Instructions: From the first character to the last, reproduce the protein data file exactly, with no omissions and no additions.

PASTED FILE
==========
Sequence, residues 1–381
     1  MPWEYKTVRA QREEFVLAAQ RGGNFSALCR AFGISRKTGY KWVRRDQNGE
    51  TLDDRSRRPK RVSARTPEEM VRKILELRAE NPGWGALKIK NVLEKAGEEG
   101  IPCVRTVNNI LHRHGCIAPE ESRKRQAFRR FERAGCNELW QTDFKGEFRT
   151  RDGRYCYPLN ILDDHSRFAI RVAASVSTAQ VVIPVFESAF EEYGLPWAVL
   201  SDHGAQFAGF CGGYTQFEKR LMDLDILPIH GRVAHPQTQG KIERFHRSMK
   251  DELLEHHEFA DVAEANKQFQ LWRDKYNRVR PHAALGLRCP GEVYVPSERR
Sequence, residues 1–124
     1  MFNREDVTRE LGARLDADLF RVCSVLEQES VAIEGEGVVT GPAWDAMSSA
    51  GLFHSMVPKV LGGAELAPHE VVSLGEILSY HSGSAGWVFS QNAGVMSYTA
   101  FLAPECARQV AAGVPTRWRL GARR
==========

Sequence, residues 1–381
     1  MPWEYKTVRA QREEFVLAAQ RGGNFSALCR AFGISRKTGY KWVRRDQNGE
    51  TLDDRSRRPK RVSARTPEEM VRKILELRAE NPGWGALKIK NVLEKAGEEG
   101  IPCVRTVNNI LHRHGCIAPE ESRKRQAFRR FERAGCNELW QTDFKGEFRT
   151  RDGRYCYPLN ILDDHSRFAI RVAASVSTAQ VVIPVFESAF EEYGLPWAVL
   201  SDHGAQFAGF CGGYTQFEKR LMDLDILPIH GRVAHPQTQG KIERFHRSMK
   251  DELLEHHEFA DVAEANKQFQ LWRDKYNRVR PHAALGLRCP GEVYVPSERR
Sequence, residues 1–124
     1  MFNREDVTRE LGARLDADLF RVCSVLEQES VAIEGEGVVT GPAWDAMSSA
    51  GLFHSMVPKV LGGAELAPHE VVSLGEILSY HSGSAGWVFS QNAGVMSYTA
   101  FLAPECARQV AAGVPTRWRL GARR